After the buyer and seller execute a sales contract, the buyer's agent collects checks from the client for earnest money and the option fee, if applicable. The executed contract and checks are then given to the title company, which effectively opens the escrow processing file.
From the time the title company pulls the chain of title on a file until the closing day, the listing agent focuses on communicating to the seller about any documents they need to provide for the escrow officer to clear the property title and gives the seller regular updates about where the file stands in terms of escrow and loan approval.
The buyer agent's role is similar in terms of their role as a representative for their client. However, the tasks they must complete to get a home closed are quite different.
Upon receipt of a referral to represent a buyer, the agent will call the person and talk to them about what they desire in a new home. They ask a series of questions to ensure they know exactly what the client wants and advise them of the limitations or requirements they must meet to purchase the desired home.
If the buyer plans to finance and has not applied for a loan, they may give the buyer referrals to a few lenders so the client can obtain a pre-approval letter. Obtaining approval before submitting offers is customary in today's real estate market and necessary because most sellers will not even consider an offer without one.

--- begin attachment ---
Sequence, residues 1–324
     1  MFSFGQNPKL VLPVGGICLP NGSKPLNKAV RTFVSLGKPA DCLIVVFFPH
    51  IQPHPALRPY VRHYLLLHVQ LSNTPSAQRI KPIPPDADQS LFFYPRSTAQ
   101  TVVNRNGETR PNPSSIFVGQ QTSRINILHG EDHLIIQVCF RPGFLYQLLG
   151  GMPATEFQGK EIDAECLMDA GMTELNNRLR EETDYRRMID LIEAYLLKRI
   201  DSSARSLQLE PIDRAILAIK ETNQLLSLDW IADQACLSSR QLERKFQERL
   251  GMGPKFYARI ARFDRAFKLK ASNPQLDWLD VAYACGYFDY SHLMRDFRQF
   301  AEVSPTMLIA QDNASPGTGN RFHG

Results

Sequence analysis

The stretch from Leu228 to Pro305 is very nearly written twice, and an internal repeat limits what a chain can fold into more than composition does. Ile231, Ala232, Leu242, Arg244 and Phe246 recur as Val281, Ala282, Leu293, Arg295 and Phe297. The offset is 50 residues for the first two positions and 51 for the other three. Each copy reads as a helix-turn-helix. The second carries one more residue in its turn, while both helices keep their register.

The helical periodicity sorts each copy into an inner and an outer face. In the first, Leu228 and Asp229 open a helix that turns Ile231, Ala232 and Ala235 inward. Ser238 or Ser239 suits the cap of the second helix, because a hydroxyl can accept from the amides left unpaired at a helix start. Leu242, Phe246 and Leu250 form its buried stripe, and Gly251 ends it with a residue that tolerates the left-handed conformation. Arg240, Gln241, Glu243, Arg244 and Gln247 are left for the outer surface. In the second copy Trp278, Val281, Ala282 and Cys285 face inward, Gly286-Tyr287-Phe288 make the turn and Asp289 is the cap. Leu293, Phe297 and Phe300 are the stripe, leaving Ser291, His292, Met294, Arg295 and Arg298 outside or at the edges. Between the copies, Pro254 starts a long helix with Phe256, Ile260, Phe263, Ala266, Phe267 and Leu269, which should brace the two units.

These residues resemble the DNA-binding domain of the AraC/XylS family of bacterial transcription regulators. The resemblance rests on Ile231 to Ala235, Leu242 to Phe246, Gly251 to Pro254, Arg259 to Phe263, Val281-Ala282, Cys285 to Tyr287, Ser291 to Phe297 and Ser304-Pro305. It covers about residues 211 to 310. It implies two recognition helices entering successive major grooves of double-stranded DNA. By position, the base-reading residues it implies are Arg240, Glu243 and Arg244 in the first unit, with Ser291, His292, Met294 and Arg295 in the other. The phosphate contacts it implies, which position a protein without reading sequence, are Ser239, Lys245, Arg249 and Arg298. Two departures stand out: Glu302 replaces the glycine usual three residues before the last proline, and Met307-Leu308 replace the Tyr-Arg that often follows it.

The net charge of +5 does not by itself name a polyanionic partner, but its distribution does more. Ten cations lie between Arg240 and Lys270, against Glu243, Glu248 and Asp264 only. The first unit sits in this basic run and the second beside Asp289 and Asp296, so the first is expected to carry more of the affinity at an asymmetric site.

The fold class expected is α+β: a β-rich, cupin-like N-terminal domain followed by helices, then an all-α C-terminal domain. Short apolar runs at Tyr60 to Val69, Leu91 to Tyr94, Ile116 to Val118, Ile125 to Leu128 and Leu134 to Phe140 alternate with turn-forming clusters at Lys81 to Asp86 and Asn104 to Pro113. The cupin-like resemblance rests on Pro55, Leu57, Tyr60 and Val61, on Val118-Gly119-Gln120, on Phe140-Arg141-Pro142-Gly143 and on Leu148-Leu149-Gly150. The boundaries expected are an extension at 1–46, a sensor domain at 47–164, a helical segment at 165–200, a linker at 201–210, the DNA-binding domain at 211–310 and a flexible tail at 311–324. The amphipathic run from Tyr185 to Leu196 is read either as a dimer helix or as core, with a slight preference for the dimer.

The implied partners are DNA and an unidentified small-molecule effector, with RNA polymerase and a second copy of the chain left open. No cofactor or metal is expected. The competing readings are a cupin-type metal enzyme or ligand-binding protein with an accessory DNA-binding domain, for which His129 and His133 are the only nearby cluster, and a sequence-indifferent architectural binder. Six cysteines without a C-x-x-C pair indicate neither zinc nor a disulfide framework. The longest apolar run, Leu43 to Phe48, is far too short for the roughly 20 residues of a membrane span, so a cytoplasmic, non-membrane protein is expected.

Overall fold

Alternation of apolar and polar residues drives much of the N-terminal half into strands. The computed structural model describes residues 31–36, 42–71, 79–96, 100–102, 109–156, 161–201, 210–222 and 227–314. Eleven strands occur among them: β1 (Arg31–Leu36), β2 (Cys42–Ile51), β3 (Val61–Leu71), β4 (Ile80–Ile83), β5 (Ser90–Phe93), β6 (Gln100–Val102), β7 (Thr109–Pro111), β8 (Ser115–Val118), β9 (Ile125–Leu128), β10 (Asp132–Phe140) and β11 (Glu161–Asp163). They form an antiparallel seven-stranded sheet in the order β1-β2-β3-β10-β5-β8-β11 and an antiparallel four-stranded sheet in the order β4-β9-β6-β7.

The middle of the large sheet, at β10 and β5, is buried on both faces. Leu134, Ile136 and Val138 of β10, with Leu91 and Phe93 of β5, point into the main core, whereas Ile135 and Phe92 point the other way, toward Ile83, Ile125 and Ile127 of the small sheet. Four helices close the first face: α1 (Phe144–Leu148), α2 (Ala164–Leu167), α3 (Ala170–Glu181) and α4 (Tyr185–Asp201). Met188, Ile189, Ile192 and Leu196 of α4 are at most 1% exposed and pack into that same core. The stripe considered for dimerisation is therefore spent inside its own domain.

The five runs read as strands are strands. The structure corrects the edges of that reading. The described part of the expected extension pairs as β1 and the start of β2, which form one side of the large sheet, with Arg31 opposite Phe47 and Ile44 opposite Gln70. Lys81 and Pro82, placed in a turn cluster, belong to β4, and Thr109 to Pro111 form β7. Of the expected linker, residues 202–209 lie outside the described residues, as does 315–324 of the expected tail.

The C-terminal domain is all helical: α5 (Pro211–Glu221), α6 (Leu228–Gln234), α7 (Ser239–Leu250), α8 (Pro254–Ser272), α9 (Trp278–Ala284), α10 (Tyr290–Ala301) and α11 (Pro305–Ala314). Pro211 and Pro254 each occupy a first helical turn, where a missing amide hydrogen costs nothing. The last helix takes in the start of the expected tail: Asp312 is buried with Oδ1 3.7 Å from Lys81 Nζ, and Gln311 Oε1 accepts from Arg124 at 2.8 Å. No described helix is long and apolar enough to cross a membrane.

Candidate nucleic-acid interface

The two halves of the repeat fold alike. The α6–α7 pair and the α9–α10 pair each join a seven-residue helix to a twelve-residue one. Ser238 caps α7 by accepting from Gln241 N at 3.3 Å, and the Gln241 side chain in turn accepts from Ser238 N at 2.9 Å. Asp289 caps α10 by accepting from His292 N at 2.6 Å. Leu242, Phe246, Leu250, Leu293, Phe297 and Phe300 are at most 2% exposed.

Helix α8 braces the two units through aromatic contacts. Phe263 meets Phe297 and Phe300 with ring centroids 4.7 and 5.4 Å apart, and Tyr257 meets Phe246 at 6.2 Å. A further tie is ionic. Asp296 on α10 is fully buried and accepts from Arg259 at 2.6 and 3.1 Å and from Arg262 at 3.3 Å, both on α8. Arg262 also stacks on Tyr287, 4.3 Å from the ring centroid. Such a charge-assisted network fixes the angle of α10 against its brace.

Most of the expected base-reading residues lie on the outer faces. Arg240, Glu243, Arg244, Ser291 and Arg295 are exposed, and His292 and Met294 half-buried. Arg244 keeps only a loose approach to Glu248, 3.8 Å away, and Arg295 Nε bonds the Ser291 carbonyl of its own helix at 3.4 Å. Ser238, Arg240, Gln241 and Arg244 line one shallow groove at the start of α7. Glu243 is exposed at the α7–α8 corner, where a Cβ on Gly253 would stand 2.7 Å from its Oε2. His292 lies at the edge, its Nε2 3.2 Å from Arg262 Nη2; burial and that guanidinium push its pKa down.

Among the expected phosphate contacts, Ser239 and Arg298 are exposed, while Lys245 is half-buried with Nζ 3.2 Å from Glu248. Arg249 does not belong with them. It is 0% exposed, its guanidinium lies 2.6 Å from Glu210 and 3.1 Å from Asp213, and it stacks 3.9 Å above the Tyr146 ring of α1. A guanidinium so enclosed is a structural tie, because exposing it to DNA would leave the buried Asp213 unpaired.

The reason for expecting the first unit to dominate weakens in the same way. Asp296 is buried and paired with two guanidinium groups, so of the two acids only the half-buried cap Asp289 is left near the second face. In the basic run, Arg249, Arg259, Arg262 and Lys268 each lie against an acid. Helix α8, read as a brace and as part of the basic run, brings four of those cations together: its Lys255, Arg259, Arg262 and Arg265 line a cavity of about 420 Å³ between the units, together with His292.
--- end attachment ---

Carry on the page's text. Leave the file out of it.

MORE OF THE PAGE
During the initial call with the potential client, the agent will pull listings that fit the buyer's specifications. The agent will ask the buyer to look at the property and let them know if they want to see any of the properties. If the homes the agent sends do not interest the client, the agent will ask more questions until they can locate properties the buyer likes.
After the buyer discloses which properties they want to view, the agent will schedule appointments to show the properties. Selling agents may have to show between five and ten houses to a potential buyer before they find a home they want to buy.
If the buyer wants to submit an offer, their agent will first check the MLS to see if the seller's agent uploaded any disclosures for the property. Seller disclosures will include recent upgrades, known defects, and other pertinent information necessary for the buyer to decide on an offer amount.
When the buyer decides on a home they want to purchase, the realtor has to draft an offer via a sales contract. The agent will help the buyer determine an offer price they are comfortable with and that they think has a reasonable chance of acceptance. They also collect checks for earnest money and the option fee (typically $100) if the buyer chooses an option period.
The option period is typically between 7 and 14 days, giving the buyer the right to cancel the sale without losing their earnest money during that time if they change their mind or receive an adverse inspection report.